Many endurance athletes endure gastrointestinal issues like diarrhea, abdominal cramps, and gas during or in the hours after a race. Some common causes are the types of food most athletes eat during the preparation for the race, supplements, energy drinks, gels, or high-carb meals the night before the race.
Typically, these alterations produce one or two episodes of diarrhea and are limited. Still, they create great anxiety because of the potential to sabotage the hard-prepared race, and the risk of significant health concerns is not usually significant.
Another cause that can sabotage the race and produce a DNS situation and produce a health risk is infectious diarrhea, known as "traveler's diarrhea."
This type of gastrointestinal disease appears in individuals that travel to other places for different reasons. When you travel, you often lose the ability to cook for yourself and control the way foods are prepared. You might also eat food and drink prepared in large quantities that can be contaminated more easily or not be made correctly.
Microorganisms like viruses, bacteria, or parasites can contaminate the food or those microorganisms aren't completely eliminated in the cooking process. It's particularly difficult to prevent contamination when preparing large quantities of food.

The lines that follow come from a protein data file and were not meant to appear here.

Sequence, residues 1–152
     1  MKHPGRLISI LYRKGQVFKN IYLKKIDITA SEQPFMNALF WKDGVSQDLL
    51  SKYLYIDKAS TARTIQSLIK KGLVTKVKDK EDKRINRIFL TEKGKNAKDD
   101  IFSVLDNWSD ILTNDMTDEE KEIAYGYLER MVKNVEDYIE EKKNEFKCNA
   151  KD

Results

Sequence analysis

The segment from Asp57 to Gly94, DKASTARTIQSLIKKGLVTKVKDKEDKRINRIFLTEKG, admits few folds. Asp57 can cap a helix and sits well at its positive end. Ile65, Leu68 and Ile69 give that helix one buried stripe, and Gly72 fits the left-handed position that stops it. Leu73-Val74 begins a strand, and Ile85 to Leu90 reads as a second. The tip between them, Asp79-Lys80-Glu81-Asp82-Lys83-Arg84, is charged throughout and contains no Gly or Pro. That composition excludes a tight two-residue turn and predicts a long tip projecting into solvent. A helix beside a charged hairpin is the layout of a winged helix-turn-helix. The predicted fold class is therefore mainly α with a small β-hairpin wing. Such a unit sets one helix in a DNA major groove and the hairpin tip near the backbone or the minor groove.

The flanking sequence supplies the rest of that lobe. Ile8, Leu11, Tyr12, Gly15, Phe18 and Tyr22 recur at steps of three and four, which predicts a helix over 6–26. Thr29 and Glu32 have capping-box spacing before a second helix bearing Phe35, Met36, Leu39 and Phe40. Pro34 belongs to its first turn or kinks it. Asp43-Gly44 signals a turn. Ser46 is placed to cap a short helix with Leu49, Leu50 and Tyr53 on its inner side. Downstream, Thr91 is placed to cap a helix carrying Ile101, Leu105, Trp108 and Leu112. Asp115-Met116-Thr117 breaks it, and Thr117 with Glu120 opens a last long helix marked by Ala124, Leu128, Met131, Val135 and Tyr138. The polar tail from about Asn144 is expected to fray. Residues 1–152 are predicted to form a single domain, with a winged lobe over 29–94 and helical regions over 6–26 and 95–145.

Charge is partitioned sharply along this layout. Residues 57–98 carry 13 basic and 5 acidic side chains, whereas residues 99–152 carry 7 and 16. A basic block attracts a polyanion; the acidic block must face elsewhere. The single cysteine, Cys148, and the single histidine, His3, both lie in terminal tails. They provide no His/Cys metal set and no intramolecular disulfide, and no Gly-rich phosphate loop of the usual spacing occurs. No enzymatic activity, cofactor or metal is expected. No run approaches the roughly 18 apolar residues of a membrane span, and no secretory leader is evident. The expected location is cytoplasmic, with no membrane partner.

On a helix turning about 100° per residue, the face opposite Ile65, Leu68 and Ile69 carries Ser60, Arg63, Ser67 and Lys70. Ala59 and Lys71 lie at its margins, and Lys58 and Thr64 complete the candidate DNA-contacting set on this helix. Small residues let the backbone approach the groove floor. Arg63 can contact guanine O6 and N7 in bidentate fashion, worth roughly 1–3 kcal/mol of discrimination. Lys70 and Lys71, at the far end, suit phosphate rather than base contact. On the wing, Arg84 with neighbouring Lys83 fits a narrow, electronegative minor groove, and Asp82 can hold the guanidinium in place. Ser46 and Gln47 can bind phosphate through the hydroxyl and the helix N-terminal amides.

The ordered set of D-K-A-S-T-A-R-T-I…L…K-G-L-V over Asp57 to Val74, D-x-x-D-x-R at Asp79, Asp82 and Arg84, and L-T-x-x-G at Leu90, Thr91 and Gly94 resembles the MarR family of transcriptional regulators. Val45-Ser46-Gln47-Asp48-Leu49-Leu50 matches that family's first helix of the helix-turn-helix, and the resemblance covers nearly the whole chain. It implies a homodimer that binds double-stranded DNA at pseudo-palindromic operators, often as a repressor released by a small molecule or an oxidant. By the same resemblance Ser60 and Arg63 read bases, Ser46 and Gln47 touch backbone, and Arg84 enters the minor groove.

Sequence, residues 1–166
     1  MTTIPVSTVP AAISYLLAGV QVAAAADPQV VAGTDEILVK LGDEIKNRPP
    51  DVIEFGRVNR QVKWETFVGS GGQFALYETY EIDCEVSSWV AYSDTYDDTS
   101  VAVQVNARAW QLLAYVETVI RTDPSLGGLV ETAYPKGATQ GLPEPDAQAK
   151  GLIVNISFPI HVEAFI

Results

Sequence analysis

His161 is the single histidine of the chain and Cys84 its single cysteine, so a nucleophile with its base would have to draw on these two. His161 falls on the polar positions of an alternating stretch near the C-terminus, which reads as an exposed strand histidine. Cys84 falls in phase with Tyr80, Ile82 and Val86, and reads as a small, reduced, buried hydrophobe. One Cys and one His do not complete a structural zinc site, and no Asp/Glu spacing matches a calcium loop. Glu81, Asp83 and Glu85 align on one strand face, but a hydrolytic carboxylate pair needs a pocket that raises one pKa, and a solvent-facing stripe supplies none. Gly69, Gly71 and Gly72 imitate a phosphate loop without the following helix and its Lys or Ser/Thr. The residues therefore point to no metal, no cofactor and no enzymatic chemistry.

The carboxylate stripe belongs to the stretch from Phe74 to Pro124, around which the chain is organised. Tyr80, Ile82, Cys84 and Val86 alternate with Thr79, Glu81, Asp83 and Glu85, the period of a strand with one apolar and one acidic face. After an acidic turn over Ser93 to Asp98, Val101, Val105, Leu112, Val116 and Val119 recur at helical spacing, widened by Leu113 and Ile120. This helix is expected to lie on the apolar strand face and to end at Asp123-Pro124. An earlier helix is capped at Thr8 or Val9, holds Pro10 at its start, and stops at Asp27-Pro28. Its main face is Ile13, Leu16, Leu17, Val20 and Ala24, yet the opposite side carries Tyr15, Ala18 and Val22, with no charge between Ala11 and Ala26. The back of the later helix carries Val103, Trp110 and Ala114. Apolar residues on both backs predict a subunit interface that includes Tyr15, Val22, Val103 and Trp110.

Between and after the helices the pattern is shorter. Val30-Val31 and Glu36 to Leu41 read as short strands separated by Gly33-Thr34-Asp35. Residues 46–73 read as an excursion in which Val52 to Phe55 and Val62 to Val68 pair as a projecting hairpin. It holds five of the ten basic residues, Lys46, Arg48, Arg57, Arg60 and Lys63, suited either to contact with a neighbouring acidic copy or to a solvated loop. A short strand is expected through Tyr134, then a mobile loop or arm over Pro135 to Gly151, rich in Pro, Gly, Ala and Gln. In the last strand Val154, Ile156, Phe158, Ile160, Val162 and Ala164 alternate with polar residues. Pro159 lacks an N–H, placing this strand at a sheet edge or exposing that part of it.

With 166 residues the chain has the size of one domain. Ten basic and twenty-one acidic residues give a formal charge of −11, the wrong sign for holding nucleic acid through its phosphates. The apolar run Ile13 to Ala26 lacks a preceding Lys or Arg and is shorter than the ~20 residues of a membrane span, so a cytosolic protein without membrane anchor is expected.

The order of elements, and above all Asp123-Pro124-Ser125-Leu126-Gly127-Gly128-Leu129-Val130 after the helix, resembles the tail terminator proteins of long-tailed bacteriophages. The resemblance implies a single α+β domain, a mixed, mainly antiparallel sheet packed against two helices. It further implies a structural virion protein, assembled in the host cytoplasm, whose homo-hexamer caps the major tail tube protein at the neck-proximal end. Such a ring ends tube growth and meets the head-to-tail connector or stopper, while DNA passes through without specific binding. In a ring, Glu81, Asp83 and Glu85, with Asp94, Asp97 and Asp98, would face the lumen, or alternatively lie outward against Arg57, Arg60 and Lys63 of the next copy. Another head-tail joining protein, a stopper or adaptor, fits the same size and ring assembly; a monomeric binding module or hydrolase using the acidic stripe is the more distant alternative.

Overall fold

These microorganisms can be detrimental, especially for immunocompromised people.
Last week at a convention where 3,500+ people gathered for 3 days, 30% of the travelers suffered from watery and mucous diarrhea, abdominal pain, and gas. I treated 10 patients that traveled to this convention.
The epidemiological investigation showed that all of them used different hotels and ingested food from different restaurants. Their common denominator was the water with ice served in 3 convention rooms.
The prevention of this "travelers' diarrhea" must include drinking only bottled water, avoiding ice, and not eating raw foods like fruit, veggies, or salads. You should also choose well-cooked meat to ensure all bacteria are killed in the preparation process. It's also best practice to buy fruits and veggies from the store and wash them thoroughly.
Another preventative action is to check the reports of the state or city's health authority where you will travel and look for the surge of infectious diseases associated with food and water.
If you, unfortunately, are affected by diarrhea while traveling for a race, you must look for immediate medical assistance. Stay hydrated, and avoid over-the-counter medications unless recommended by a doctor. Of course, you must be cleared by a doctor to race because dehydration due to racing can be complicated by dehydration from infectious diarrhea.
Manuel Delgado Gaona is a USAT Level II and Youth & Junior Coach, FMTri Level II Certified Coach, an ACSM Exercise Physiologist, and a Physician specializing in Anatomic Pathology. His coaching philosophy is based on exercise efficiency. Coach Manuel can be reached at email@example.com.